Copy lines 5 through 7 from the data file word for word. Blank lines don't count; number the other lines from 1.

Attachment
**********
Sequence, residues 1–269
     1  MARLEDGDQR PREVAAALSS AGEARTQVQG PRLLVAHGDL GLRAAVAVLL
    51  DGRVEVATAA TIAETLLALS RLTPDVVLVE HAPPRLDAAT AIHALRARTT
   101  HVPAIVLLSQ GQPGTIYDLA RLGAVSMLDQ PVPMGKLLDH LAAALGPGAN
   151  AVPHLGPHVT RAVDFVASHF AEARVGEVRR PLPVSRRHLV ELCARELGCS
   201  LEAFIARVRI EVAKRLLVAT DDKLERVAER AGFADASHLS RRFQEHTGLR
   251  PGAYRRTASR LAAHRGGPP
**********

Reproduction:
   151  AVPHLGPHVT RAVDFVASHF AEARVGEVRR PLPVSRRHLV ELCARELGCS
   201  LEAFIARVRI EVAKRLLVAT DDKLERVAER AGFADASHLS RRFQEHTGLR
   251  PGAYRRTASR LAAHRGGPP